This page contains exclusively online insights from interviews with Craig Greenwood.
Craig Greenwood, service manager for the Hoopeston, Ill., store, believes Birkey’s commitment to education also sets it apart from its competition. The dealership has an ongoing partnership with Parkland College in Champaign, Ill., to develop the next generation of techs.
Originally, they followed a 2-year program that developed general diesel technicians who learned by working on a variety of equipment and manufacturers. This past fall, the dealership began a new program with the community college that develops a direct pipeline of specialized graduates.
In the program, students learn specifically on CNH electronics and machinery, focusing on certain tractor models. Birkey’s sponsors the students, providing them with tools. The students then have an obligation to work with Birkey’s for a 16-week trial period. Greenwood sees a distinct advantage when a student already knows the diagnostics and CNH machinery before coming to the dealership.
“It’s hard to say, but you don’t need the old guy that could stand beside an M tractor and tell what’s wrong with it by listening to how it sounds,” he says. “Now you need people who can get on the computer, hook it up to the tractor and figure out what’s wrong with it.”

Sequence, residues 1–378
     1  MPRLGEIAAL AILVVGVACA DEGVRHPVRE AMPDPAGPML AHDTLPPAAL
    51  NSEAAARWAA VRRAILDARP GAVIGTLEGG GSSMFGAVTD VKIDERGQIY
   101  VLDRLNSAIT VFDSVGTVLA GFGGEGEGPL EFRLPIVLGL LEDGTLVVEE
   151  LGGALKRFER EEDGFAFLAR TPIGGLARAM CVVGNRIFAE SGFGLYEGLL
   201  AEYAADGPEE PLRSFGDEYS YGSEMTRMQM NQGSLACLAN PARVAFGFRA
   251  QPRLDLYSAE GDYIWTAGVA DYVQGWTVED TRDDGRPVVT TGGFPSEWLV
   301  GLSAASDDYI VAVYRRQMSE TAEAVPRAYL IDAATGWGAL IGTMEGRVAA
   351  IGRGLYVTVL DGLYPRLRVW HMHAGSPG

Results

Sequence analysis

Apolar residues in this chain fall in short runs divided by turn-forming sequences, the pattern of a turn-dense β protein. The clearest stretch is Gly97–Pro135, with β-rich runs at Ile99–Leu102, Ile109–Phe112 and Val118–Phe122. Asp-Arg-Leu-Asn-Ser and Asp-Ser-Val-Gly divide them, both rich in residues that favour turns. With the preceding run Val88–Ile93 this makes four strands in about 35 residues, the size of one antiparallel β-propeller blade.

Birkey’s actively recruits potential students for these programs through marketing efforts in its stores.
Greenwood also credits the company’s long-term commitment to technical training to the talent level of its current technicians. Each year during the off-seasons, the dealership sends each tech off-site to 1- or 2-week long courses that cover Case IH or New Holland machinery. Management evaluates technician shortcomings, and provides addition training as necessary.
Web-based training from Case also is becoming an important tool for Birkey’s to gauge the strengths and weaknesses of techs. The program evaluates where techs need to improve.
“Bringing in the right techs and training them have been the biggest things in improving the quality of our service,” says Greenwood. “When we didn’t have the intern or scholarship programs, too often we would get guys who had been fired from other places. We can have a building, equipment and the trucks, but if you don’t have technicians who can do the work, then it’s all for nil.”